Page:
The J.P. Morgan Investor Confidence Index in Hong Kong for the June quarter was at 123, up by 12 points over the first quarter. The index reflects retail investors’ sentiment toward the Hong Kong market over the next six months and a number greater than 100 represents a positive outlook.
Mainland China (81%) and Hong Kong (57%) were cited as markets with the highest potential for growth, according to the survey, which was carried out in June.
“The latest findings manifest that the overall investor confidence has been on an upward trend. Obviously, the recent market correction would have impacted on the trajectory, but the index itself is designed to reflect investor’s views on the course of next six months, not just current sentiment,” said Daniel Chui, head of investor communications.
“Once the market is stabilised, we believe investors will regain their confidence,” Chui added.
About 58% of investors have a positive outlook for mainland markets and 53% said good fund returns was the key reason for their interest in investing in China.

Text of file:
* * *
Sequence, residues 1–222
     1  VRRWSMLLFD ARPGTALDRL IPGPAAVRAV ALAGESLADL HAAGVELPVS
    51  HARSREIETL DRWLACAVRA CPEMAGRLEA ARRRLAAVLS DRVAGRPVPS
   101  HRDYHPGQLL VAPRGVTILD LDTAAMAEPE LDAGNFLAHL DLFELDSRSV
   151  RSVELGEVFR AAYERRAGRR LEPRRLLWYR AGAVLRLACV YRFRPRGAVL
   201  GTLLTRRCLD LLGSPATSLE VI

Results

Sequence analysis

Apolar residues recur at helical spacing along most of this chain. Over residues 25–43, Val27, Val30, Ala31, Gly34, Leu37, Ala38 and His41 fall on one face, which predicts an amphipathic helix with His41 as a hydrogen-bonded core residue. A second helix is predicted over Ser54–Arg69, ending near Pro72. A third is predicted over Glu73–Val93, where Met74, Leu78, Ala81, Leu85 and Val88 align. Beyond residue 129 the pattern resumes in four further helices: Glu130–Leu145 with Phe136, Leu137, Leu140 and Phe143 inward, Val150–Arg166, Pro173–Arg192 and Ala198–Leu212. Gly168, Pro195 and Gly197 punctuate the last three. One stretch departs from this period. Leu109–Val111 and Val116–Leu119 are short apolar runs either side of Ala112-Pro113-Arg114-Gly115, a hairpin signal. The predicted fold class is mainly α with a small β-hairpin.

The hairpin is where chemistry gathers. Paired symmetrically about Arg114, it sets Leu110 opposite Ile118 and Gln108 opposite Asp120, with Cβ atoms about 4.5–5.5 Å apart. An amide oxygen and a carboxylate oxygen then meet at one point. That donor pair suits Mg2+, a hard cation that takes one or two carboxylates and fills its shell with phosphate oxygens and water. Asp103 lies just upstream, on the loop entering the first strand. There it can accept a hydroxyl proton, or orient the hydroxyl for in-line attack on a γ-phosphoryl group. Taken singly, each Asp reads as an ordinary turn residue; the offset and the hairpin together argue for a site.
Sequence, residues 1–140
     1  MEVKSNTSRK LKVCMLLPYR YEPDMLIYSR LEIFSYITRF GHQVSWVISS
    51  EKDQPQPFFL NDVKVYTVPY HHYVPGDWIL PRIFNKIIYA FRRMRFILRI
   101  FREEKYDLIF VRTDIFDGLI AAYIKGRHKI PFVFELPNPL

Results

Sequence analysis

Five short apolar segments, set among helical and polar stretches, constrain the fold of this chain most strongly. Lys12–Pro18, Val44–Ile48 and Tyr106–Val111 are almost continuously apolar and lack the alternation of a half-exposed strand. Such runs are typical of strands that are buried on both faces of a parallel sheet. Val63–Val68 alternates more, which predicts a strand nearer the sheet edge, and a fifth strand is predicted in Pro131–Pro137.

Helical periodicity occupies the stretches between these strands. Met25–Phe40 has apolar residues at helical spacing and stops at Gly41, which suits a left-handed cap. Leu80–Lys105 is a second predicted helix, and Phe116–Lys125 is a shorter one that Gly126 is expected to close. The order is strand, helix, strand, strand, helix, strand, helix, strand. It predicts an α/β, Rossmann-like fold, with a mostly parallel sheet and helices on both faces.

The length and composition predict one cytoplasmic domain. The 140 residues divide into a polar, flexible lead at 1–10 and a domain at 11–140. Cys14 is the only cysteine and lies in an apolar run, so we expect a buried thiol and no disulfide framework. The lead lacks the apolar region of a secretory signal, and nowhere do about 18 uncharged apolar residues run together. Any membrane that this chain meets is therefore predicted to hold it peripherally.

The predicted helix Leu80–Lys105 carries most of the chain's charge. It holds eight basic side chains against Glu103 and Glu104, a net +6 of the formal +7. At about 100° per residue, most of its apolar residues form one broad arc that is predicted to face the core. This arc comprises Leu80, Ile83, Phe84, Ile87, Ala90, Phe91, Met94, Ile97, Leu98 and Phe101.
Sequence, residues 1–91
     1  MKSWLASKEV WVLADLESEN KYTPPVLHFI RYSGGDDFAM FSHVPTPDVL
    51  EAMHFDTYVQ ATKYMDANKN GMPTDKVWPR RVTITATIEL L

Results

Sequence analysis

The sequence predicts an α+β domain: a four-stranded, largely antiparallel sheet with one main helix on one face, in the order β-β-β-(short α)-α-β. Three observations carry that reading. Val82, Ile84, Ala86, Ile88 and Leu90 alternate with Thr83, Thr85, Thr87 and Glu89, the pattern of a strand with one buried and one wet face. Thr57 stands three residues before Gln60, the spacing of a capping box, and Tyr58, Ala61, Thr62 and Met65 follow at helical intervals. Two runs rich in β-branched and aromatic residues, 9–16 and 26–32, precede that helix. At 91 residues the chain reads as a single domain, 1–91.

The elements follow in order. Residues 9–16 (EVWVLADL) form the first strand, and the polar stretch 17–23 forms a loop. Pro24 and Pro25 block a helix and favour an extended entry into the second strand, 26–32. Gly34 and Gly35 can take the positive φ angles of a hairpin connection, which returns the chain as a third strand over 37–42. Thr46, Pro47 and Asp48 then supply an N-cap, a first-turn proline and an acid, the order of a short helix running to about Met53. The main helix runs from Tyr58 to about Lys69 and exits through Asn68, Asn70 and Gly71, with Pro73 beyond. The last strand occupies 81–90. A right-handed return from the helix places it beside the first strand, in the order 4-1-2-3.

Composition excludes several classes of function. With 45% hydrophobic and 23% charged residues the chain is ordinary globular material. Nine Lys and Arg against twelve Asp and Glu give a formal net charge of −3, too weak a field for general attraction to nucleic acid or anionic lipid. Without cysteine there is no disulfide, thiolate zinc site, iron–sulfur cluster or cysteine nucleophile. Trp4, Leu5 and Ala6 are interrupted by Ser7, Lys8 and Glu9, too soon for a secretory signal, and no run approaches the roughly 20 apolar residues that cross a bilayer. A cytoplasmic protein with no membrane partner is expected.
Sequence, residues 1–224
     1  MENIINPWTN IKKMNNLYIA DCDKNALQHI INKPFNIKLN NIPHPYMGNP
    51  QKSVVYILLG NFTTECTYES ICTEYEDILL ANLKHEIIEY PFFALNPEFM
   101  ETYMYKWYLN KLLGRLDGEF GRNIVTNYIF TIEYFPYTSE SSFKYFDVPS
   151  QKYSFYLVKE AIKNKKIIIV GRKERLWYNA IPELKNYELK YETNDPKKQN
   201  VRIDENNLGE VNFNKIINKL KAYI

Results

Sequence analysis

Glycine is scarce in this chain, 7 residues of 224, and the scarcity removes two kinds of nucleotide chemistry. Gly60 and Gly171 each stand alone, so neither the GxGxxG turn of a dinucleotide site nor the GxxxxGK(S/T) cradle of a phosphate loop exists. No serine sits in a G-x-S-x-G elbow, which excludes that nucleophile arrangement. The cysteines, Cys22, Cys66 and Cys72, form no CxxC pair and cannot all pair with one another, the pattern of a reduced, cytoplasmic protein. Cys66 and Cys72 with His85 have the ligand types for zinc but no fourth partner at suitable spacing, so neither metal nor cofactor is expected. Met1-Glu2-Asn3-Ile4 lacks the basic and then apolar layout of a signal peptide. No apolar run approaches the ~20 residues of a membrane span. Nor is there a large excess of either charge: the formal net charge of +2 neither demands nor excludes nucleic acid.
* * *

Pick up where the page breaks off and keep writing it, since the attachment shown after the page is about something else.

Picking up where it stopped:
Reflecting this optimism, nearly 33% of investors expressed interest in making fund investments in the mainland market through the mutual recognition of funds initiative.
Equity funds appealed to a majority (92%) of respondents followed by bond/currency funds (46%).
Uncertainties over China’s economic reforms and the slowdown in GDP growth, along with the Greece debt crisis, were cited as the biggest risks for the third quarter. Given the risks, 67% of investors said volatility in the Hong Kong stock market is likely to affect their investment strategy.
When the key questions surrounding the fate of Greece are resolved, "investors will refocus on the fundamental factors for long-term investment and will look for those markets with the highest potential for growth in 2015,” said Chui.
According to the survey, the launch of Shenzhen-Hong Kong Stock Connect, expected this year, could be a trigger for a short-term market rebound. Moreover, half of investors think the inclusion of A-shares in international indices will enhance their investment interest level.
However, several fund houses have warned that recent government market intervention could negatively impact on any decision to include A-shares in the MSCI emerging market indices.
The survey results are based on responses from 513 retail investors aged between 30 and 60, who have at least five years of continuous investment experience and hold liquid assets of more than HK$100,000 ($12,900).